“We really dominated the toy hauler market over the last year 9 1/2 years,” he said, noting that the retailer sells a full range of new and used RVs. “Even during the downturn, we were able to bring in some of the hottest brands like Eclipse RV’s Attitude and the Cyclone from Heartland. We also added CrossRoad’s towable line.”
He added, “We’re back on it – doing what we do best – and are looking for another strong year. We think it’s a great time to expand and we see Indio as a great location for Giant RV.”
A fire Monday (Oct. 15) at Giant RV in Murrieta, Calif., burned one recreational vehicle, but the quick work of firefighters prevented the blaze from spreading to nearby vehicles, fire officials said.
The Press Enterprise reported that a diesel motorhome parked in the Giant RV lot caught fire about 10 a.m. Firefighters arrived to find the blaze had spread through the interior of the RV, which was parked at the edge of the lot along Interstate 15, said Battalion Chief Pat Jennings of the Murrieta Fire Department.
As firefighters gathered up hoses from the lot and the acrid scent of burnt RV interior hung in the air, Jennings said it was unclear what touched off the blaze.
He said dealership employees had turned on the RV and were charging the battery when the fire started. It appears they were preparing the motorhome to be delivered to a customer, he said.
A fire investigator was called out to inspect, Jennings said.
Because the fire started during business hours, it was quickly reported, Jennings said.
With RVs parked so close together, the fire could have easily spread to other vehicles, he said.
Editor’s Note: The following story, part serious, part humorous, was written by John Weeks, a staff writer for the San Bernardino (Calif.) Sun. What he writes about may never come to pass but it is interesting to consider.
It’s the first great idea of the new year, and it’s not even mine. It comes from reader Steve Fast, who lives in Hemet and works in Colton as a sales representative for Giant RV.
Check it out. He suggests that San Bernardino put on a spectacular street festival each year featuring … recreational vehicles!
That’s right, the RV Rendezvous, as we shall call it for now, would take place each year in January when all the “snowbird” people are here from around the country. The event would be a midwinter equivalent to the great Stater Bros. Route 66 Rendezvous, that one featuring cars, that is held each summer.
I love this idea. The RV crowd already is in the area, forming their annual encampments throughout the Southland desert. Why not invite them to swing through San Bernardino on a given weekend, or even multiple weekends? They’d have a great time showing off their rides, and the rest of us would have a great time partying down with them.
Just as the Route 66 Rendezvous features a long cruise line of hot cars through downtown San Bernardino, the RV Rendezvous would feature a long cruise line of dinosaur-size motorhomes. Of course, we may want to make the parade route a bit shorter, since these babies get about one city block per gallon of gas, but that’s OK.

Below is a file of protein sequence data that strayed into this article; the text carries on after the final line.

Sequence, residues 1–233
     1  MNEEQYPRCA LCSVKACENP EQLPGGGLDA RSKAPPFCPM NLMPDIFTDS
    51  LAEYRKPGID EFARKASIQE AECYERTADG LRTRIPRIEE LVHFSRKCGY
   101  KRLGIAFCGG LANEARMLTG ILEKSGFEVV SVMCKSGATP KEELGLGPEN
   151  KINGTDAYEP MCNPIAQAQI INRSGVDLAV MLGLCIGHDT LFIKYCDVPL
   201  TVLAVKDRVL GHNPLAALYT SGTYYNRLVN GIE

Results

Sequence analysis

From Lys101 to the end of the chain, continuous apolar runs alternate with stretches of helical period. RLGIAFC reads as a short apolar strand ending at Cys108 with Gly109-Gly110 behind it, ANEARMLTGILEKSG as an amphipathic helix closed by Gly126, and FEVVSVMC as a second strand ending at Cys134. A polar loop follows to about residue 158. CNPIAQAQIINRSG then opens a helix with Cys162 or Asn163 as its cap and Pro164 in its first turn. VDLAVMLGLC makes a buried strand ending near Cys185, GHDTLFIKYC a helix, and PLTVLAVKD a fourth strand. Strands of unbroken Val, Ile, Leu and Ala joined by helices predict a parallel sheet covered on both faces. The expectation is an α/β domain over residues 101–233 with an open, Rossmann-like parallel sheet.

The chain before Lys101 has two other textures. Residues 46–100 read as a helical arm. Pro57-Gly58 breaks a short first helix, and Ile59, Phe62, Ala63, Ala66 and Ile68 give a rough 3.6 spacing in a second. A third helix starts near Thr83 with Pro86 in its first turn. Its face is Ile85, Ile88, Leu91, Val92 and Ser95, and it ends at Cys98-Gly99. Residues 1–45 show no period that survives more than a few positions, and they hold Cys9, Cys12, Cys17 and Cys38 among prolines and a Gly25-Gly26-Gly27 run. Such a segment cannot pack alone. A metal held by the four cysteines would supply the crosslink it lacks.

There also will be “show and shine” events, maybe at the National Orange Show Events Center or else in large parking lots throughout downtown, where the RVs will just park for a while and allow spectators a closer look. Some owners even may allow visitors to step inside for a walking tour. Wow. You never see that at the summer Rendezvous.
The streets would be blaring with music, of course, throughout the RV Rendezvous. Some of the Baby Boomer music we hear at the summer event might work here, too. On the other hand, this will be a slightly older crowd, so we may want to work in some Big Band standards, a little Bing Crosby, Rudy Vallee, Tennessee Ernie Ford …
Hey, Ernie lived in San Bernardino! He got his start at local radio station KFXM. Perfect!
Speaking of noteworthies, we should establish an RV Hall of Fame that would serve as an added attraction during the RV Rendezvous. My nominees for inaugural inductees include the late daredevil stunt performer Evel Knievel, who used to jump motorhomes on his motorcycle; Anne Murray, who recorded her hit song “Snowbird” in 1970; and Good Sam, the smiling mascot of the Good Sam Club, the international RVers organization.
Maybe we even can have an RV Film Festival during the RV Rendezvous. We’ll open up the California Theatre and screen such classic RV-centric movies as “Motor Home Massacre” (2005), “Winnebago Man” (2010), “RV” (2006), “Lost in America” (1985) and “About Schmidt” (2002).
This is going to be great! Of course there will be plenty of vendor booths at the RV Rendezvous, offering items that appeal to the RV crowd. You know, lawn chairs, polyester clothing, floppy hats … stuff like that.
And there will be food booths galore, serving up all the street festival favorites, such as steak sandwiches, hot dogs on a stick, funnel cakes … the classics.
Hmmm, we also need something for those finicky seniors, don’t we? How about deep-fried steamed prunes?